tv NBC Nightly News With Lester Holt NBC March 9, 2022 2:06am-2:41am PST
starbucks joining the russia backlash. and the staggering humanitarian toll, 2 million fleeing ukraine in less than two weeks. their stories of escape also tonight, the first january 6th rioter to stand trial. the verdict handed down today our new report on a texas town at the center of controversy. the 12-year-old student saying he was relentlessly bullied an encouraged to take his own life the civil rights investigation and his message to other bullied kids >> announcer: this is “nbc nightly news" with lester holt reporting from lviv, ukraine. good evening for so many in battle scarred ukrainian cities it feels like there is no safe passage. only harrowing escapes. civilians deaths rising again tonight in the face of russian shelling tonight russian forces taking in a new route of attack as they make
their slow advance on kyiv now less than 40 miles from its center. ukraine's president zelenskyy not hiding vowing to remain in the capital. despite ukrainian claims of battlefield victories against the russians, a senior u.s. military official says russia retains its combat advantage back home, americans stunned by rising gas prices as president biden announces a u.s. ban on russian oil our team is in place at home and here overseas we begin at the front lines with richard engel. >> reporter: the threat of american and allied sanctions did not deter president putin from launching this invasion. new sanctions today show no sign of stopping it. russia stepped up its strikes. hitting homes, killing civilians. in the northern city of sumy, rescuers combed through rubble for survivors overnight. ukraine says two children were among the dead russia is also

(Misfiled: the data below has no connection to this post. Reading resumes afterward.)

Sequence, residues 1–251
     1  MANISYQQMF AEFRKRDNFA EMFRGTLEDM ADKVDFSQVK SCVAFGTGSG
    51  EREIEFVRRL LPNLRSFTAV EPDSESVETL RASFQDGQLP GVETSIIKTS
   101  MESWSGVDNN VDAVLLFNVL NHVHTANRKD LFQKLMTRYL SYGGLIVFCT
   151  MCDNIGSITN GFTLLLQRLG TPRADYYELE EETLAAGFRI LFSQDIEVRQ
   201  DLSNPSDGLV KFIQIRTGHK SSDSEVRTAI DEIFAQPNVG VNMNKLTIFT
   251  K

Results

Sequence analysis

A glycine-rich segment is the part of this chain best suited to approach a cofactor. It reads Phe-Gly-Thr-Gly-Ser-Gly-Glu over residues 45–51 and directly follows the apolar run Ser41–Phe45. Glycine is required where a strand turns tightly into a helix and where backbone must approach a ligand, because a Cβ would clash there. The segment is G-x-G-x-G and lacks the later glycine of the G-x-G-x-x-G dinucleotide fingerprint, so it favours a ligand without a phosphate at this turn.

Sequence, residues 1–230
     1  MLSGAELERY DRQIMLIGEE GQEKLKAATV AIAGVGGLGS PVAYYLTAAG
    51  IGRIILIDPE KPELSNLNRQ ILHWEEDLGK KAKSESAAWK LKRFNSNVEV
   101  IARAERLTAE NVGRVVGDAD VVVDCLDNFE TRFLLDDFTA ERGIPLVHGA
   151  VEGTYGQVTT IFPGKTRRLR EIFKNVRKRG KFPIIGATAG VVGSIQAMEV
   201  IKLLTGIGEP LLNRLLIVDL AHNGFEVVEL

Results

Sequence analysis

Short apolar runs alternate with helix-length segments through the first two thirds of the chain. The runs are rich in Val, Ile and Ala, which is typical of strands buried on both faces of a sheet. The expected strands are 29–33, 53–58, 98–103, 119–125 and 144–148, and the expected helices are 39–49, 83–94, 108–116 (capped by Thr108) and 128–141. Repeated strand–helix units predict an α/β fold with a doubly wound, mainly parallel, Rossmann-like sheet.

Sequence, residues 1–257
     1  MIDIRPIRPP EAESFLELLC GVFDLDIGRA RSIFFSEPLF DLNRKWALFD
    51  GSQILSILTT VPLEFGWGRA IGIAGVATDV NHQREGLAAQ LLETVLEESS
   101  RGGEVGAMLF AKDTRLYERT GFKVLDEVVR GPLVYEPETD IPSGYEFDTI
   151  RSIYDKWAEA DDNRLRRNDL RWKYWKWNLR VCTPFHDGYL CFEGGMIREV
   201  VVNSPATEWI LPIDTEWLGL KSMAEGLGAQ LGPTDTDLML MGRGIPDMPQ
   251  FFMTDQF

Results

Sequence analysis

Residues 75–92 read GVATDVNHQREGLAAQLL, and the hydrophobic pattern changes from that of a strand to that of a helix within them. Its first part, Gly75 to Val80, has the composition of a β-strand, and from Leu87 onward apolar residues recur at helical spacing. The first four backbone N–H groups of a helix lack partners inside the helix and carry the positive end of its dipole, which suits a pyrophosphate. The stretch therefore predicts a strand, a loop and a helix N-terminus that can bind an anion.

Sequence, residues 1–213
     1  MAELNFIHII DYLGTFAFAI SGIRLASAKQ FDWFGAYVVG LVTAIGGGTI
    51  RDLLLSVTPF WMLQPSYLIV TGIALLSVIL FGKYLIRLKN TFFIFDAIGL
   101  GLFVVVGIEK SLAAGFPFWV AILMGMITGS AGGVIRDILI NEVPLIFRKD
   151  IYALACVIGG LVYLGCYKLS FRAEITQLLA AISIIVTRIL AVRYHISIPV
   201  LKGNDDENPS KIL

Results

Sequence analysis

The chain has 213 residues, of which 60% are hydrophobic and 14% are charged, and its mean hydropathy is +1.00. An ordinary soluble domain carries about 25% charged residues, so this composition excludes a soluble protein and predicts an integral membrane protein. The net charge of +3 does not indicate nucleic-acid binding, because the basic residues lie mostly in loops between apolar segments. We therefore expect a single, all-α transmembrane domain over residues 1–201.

devastating the suburb of irpin on the edge of kyiv driving thousands into the capital. ukrainian forces have been holding out against russian troops in irpin on the edge of kyiv but today they've taken the decision to evacuate all the patients from the hospital and all medical staff. those coming out of of irpin today were shell shocked. andre walked out with his cat simba. >> big, big column of russian vehicles just -- you know our houses >> reporter: they were just firing at the buildings? >> yes >> reporter: he shared with us videos he recorded of a russian tank below his window and another russian vehicle on fire. tonight a senior u.s defense official said despite ukrainian resistance including shooting down some russian jets russia still has 95% of its combat power intact. across kyiv, residents are bracing for russian onslaught.
miro popovic served in the u.s. military and fought in afghanistan. now he's defending his hometown >> serving three years in the u.s. army, i learned a lot about war. for me to not be here right now and to run away is -- i don't think it is the right thing to do. >> reporter: people around the world have watched and been amazed i think by the spirit of the ukrainian people to fight, to resist >> yeah. >> reporter: what's that all about where is it coming from >> there is no way we are going to be on the russian government. there is no way we are going to go back to u.s.s.r. or something like that. no >> reporter: ukraine has been calling for air cover and soviet era jets that this country's pilots know how to fly tonight poland said it is willing to give ukraine all of its mig-29s and send them to an american air base in germany. it is unclear how the jets would make their